The Evolution of the Global Financial Order

  • Anthony Elson


This chapter provides a brief historical background for the development of financial globalization in the late twentieth and early twenty-first centuries described in the previous chapter. Although financial globalization has taken on many new forms since the 1980s, it is not a new phenomenon. International banking can be traced back to the Middle Ages, but financial globalization on a large scale began to take hold in the period of the international gold standard (1870–1914). This period was followed by a collapse of financial globalization due to the breakdown of the international economic system caused by two world wars and the Great Depression. This chapter traces out the rise, decline, and resurgence of financial globalization in the period since the gold standard and the origins of the present-day IFA in the early post-World War II era.


Exchange Rate Central Bank Capital Control International Monetary System Bretton Wood System 
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  1. 11.
    Alan Taylor (2003) has shown that the ratio of foreign investment to GDP for Latin America during the first decade of the twentieth century was 2.7, the highest on record for any developing region, and that foreign investment accounted for around one-third of its capital stock.Google Scholar
  2. 18.
    Beth Simmons (1993) provides an interesting discussion of the events surrounding the establishment of the BIS.Google Scholar
  3. 19.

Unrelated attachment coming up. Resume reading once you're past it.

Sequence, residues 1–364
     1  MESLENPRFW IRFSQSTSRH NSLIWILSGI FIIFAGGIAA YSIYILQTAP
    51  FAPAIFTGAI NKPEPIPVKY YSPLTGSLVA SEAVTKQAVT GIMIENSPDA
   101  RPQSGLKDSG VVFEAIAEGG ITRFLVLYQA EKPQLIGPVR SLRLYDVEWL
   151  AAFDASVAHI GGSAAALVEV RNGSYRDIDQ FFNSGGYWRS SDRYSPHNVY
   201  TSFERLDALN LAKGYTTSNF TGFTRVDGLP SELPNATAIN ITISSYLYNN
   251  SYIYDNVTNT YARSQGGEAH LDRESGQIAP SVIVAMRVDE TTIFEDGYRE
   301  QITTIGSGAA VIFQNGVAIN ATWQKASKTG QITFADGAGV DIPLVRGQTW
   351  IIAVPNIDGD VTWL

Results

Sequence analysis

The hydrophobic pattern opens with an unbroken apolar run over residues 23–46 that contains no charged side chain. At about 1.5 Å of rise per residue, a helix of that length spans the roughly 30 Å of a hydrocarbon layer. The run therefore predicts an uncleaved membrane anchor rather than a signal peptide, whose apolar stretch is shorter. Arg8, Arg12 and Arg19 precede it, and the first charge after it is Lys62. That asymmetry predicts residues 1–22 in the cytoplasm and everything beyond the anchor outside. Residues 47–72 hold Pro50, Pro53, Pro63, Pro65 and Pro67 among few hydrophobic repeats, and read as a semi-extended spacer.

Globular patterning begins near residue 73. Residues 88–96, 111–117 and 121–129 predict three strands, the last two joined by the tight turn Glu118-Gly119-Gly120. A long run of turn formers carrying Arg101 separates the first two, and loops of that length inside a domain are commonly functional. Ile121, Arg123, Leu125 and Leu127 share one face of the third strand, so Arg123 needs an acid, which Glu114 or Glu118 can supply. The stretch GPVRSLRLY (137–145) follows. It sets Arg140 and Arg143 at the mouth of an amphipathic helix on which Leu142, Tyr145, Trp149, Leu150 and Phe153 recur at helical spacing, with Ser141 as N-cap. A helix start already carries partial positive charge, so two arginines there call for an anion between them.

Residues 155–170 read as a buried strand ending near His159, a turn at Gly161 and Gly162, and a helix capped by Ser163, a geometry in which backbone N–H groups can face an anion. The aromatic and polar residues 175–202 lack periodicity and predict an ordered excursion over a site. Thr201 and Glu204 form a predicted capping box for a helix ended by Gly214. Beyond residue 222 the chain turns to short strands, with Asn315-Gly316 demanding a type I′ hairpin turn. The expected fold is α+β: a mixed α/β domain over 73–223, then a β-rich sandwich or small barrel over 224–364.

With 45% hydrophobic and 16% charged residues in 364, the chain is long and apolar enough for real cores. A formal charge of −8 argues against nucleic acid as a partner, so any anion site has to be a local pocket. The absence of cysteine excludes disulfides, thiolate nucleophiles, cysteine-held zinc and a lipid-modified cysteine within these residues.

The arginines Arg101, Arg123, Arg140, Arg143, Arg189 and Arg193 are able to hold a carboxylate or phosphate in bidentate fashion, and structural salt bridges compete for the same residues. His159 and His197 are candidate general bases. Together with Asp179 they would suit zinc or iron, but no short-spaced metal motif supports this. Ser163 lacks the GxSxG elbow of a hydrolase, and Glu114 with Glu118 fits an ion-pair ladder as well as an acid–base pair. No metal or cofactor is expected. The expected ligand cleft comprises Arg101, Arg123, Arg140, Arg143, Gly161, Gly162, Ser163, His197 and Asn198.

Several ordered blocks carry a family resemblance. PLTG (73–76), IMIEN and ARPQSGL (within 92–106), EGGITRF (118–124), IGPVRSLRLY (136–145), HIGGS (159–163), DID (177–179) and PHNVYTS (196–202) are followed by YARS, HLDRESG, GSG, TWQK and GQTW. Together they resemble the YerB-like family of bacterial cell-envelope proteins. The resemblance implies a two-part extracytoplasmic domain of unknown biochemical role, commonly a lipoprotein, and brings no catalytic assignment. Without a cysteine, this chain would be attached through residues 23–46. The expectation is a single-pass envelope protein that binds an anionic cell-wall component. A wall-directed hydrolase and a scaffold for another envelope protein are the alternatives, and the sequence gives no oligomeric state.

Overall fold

The final act of the Bretton Woods Conference in 1944 called for the “liquidation of the BIS at the earliest possible moment” (Mikesell 1994). The debate about the future of the BIS after the Bretton Woods Agreement is discussed in Helleiner (1994).Google Scholar
  4. 27.
    The details of the initial quota determination for the IMF are discussed in Horsefield (1969). The preeminent position of the United States was dictated by the fact that the dollar was the only major currency that was convertible for current account transactions, while the US government was in possession of 55 percent of the global supply of gold in June 1945 (as reported in the BIS Annual Report of 1945).Google Scholar
  5. 33.
    Eichengreen (1992) reports that “dynamic instability” was also a concern among analysts during the gold exchange standard of the inter-war period in relation to potential pressures on the core gold standard countries arising from the accumulation of short-term claims by noncore countries.Google Scholar

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© Anthony Elson 2011

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  • Anthony Elson

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